This year, from 14th to 18th of April I had a chance to participate in the 12th World Rural Health Conference organized by WONCA Working Party on Rural Practice (WWPRP) held in beautiful and historical city of Dubrovnik, Croatia. The conference welcomed more than thousand rural health practitioners from around the globe and many other members of WONCA. WONCA (World Organization of Family Doctors) is one of IFMSA institutional partners and an organization that has membership of around 500,00 family doctors from every corner of the world.
Rural and remote health is the interdisciplinary study of health and health care delivered in rural and or remote areas. It’s one of the most neglected areas of health care currently going through big human resources and recruitment crisis. While some countries have in place working plans that deal with involvement of students in rural health and afterwards offering promising careers in rural areas, most do not and face a big problem of understaffing and quality of care for the population living in the given area. During the conference different topics were tackled ranging from climate change and effect it has on rural area to recruitment of young doctors and students to rural area.
The role of IFMSA at the conference was to present views of medical students from our NMOs. Before the conference a survey on students interests on Primary Medicine and Rural Health was shared with our members. The results were presented afterwards at the conference workshop titled “Students’ Adventures in Rural Practice” and also during the scientific session, that took place after the main event. During this session, two members of WONCA Executive Board (Dr. Amanda Howe, president elect and Dr. Garth Manning, CEO) and the Chair of the Working party on Rural Medicine Dr. John Wynn-Jones came to participate and they got to hear our opinion on involvement of medical students in rural health, as well as the outcomes of our survey proving importance of medical students in solving of problems that rural health is faced with.
During the scientific sessions I presented outcomes of the survey to as many as 300 participants. Afterwards Dr. Bruce Chater, Head of Academic Discipline of Rural and Remote Medicine from the University of Queensland, Australia and chairman of the session congratulated us on the passion we have for the topic and stated, once again, that motivated medical students like us and young doctors play key role in future of rural health.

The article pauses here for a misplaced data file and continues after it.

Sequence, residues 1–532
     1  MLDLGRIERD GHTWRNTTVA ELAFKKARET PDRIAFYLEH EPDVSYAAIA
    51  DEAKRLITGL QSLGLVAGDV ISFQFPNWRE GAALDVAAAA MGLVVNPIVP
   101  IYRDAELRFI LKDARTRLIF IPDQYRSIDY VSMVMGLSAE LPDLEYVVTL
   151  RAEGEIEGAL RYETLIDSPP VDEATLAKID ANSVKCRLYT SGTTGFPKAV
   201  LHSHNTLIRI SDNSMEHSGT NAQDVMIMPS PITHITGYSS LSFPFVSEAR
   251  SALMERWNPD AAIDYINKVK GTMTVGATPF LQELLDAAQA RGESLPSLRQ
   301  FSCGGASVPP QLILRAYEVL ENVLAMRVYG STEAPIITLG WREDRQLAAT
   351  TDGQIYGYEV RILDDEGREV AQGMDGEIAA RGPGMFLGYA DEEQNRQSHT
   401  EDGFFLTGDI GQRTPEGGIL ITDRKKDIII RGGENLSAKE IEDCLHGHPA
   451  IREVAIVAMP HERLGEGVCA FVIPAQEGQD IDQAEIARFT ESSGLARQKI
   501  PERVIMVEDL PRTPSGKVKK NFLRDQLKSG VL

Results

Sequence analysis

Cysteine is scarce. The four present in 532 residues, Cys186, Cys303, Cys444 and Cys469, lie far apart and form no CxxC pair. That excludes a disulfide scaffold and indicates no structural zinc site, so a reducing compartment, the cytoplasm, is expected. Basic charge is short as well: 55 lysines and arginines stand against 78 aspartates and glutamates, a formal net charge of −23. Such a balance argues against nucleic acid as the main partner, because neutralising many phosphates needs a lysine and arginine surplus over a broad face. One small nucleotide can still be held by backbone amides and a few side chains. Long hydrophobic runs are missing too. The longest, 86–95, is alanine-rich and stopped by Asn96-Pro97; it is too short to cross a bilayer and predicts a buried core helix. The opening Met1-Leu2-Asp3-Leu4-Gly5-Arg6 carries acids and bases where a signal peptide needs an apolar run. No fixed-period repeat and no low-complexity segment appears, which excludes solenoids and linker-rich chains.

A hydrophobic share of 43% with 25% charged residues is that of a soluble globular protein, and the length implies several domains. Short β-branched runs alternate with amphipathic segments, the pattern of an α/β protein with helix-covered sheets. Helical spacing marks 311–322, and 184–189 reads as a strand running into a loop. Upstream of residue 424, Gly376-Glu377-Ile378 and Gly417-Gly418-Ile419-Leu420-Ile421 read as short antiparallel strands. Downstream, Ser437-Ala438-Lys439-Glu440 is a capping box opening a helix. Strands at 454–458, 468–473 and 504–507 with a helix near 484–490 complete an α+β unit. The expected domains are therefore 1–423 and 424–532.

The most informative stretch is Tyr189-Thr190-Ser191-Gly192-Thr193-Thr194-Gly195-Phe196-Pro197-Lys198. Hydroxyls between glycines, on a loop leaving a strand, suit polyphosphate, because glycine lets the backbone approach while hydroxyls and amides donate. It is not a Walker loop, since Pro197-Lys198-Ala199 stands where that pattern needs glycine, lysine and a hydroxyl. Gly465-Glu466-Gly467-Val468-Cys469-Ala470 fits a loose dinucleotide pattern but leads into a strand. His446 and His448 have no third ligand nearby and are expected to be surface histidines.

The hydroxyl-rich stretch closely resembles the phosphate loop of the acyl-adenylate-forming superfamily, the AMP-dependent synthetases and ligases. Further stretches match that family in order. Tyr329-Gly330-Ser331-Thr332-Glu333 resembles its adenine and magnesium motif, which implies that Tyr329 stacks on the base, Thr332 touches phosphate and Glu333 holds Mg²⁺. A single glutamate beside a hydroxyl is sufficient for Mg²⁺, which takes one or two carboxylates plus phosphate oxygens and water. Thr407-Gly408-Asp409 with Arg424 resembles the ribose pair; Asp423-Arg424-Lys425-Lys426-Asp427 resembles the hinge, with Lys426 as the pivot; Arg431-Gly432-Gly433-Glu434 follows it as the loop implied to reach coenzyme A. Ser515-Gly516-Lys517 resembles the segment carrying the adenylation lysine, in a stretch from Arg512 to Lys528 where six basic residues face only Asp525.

Before the conference, which officially started from the 15th of April, we were invited to participate at the pre-event, a meeting of the WONCA Working Party on Rural Health, where I participated in discussions on further involvement of medical students in future conferences and having medical students voice heard and acknowledged.
During the event I also had a chance to talk with the organizers of the WONCA World Rural Health conference taking place in Cairns, Australia about involvement of students into the conference and I was told how scholarships and grants will be available for students and that the organizers will try to involve as many students possible. They also tweeted how they are looking forward to having IFMSA and our members at the event in the future.
Rural Health is one of the topics that’s often left out of the medical curricula and while rural population accounts for 3,4 billion of the worlds population only selected medical schools have well elaborated curriculas on it. We as medical students must be involved in changing this and advocating for Rural Health to get same recognition and treatment as other global health problems. The future is in our hands and as keepers of this future we need to have an complete outlook on health and deal with every problem that arises be that in urban or rural area.
Entry written by Jozo Schmuch, European Regional Assistant for the Standing Committee on Public Health (SCOPH)
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